Last week I was in Morocco for the Big 5-0 birthday of a very special friend. I loved celebrating her and sharing photos of this occasion. The trip, and my photos—if I do say so myself—were so cool, I started getting a lot of messages to “keep ‘em coming!”
I posted the photo (above) on Instagram which was the culmination of the several-day event filled with belly dancers, bright lights, smiles, and a HUGE cake.
I kept taking pictures, posing for other people, and posting on demand.
But amidst all of the fun, I started feeling like a fraud.
Because here’s what I didn’t share: Twenty-four hours before this photo was taken, I was stuck in my hotel room, sicker than I’ve ever been in my life.
Trust me, you don’t want the details.
That’s when I realized I was a small part of a big problem.
I was guilty of manufacturing an image that was the exact opposite of what had been real just the day before.
And when I thought about the world that my kids and all of us are living in, the FOMO, the views into people’s “seemingly” perfect lives, I realized I didn’t feel good about it.
So when I decided to call myself out on IG, to be a little vulnerable and share the reality about a few different things going on in my life, I was blown away by the feedback.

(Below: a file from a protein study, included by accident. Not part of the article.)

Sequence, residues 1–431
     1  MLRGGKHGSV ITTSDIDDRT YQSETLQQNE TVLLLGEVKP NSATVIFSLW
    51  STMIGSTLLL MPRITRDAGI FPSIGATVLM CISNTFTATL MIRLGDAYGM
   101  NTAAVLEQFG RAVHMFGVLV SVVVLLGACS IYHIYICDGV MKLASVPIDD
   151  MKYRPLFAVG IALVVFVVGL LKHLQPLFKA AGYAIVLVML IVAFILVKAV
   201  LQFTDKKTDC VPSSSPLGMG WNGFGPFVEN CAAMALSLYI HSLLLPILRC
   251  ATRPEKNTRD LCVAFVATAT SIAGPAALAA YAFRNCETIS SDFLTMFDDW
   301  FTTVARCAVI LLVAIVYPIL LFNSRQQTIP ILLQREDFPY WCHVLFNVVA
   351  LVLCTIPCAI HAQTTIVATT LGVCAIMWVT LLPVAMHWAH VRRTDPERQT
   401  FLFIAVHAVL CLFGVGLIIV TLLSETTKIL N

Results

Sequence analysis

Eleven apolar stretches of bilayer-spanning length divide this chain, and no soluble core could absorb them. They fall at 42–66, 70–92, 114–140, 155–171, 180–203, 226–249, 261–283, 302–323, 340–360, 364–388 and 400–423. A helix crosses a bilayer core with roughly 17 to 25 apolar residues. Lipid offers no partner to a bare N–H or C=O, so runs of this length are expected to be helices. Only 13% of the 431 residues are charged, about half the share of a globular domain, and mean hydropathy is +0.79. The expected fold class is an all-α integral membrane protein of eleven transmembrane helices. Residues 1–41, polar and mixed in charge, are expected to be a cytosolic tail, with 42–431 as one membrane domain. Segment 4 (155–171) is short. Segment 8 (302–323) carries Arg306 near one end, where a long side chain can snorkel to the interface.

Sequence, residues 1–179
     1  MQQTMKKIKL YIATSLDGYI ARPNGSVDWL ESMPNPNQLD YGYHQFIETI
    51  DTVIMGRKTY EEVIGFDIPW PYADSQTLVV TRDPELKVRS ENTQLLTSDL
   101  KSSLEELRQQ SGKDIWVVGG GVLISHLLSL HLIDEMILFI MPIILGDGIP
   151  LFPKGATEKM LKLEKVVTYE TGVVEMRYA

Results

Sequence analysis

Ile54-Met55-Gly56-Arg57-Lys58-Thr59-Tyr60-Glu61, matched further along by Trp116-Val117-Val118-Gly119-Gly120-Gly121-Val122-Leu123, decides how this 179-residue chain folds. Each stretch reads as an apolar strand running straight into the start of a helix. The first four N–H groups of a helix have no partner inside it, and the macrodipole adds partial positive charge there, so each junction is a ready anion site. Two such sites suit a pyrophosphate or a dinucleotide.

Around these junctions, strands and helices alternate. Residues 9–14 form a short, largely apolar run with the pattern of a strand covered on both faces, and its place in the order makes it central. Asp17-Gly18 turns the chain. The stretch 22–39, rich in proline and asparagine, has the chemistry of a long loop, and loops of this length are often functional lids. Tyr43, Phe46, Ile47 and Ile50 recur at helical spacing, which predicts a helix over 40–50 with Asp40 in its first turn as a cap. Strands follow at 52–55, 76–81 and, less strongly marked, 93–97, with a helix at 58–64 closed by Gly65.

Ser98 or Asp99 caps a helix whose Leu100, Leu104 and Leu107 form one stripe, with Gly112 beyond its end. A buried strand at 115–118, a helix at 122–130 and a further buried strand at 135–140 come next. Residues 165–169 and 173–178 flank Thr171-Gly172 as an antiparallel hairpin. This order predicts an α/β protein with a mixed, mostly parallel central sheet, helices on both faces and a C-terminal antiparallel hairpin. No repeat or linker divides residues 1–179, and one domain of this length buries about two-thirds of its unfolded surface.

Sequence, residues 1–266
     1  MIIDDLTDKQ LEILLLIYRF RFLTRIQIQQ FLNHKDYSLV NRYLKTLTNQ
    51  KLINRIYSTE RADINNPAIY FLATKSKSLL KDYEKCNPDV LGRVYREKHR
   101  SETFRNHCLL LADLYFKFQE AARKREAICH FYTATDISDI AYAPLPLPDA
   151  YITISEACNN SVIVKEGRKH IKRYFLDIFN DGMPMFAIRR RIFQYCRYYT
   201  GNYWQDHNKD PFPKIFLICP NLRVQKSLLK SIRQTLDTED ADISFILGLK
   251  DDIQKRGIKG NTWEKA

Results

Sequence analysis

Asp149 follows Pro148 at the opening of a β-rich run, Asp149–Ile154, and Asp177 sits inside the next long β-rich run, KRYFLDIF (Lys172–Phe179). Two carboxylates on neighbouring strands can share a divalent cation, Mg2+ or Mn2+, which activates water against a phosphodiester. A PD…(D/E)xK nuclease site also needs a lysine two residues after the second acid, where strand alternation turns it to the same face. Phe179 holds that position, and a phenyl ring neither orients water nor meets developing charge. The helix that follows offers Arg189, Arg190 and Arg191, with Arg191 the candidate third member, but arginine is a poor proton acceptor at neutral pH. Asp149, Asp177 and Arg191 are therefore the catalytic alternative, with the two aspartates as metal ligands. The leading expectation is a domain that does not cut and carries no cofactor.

People called (Yep! Picked up the phone), wrote, and texted, thanking me for my willingness to “be real” and to remind people that our “social” life typically only shows the shiny parts.
This is also true in the workplace.
As our work and personal lives are increasingly intertwined, a little vulnerability and a willingness to be real goes a LONG WAY—especially if you’re a leader.
You may not think people are projecting onto you, but I assure they are.
How can I be so sure?
Because they’re human.
While I would never want to go back to March of 2020, I don’t want to completely forget what I saw and how I felt. We were all more real; we had no choice! Kids and pets running around in the background of our new-fangled Zoom rooms, spouses and roommates reaching into the fridge. While the stress was really high, many employees shared with me that they felt more connected than ever to their leaders and their organizations.
And employee engagement in those companies was through the roof.
So as we approach the three-year anniversary of the pandemic, which I *cannot* believe, I invite you to step out from behind the curtain long before the wizard did in the Wizard of Oz.
Everyone will thank you because a little vulnerability (especially these days) goes a long way.
(This article was originally posted to Erica’s newsletter subscribers. Used with permission. To sign up for Erica’s insights, CLICK HERE.)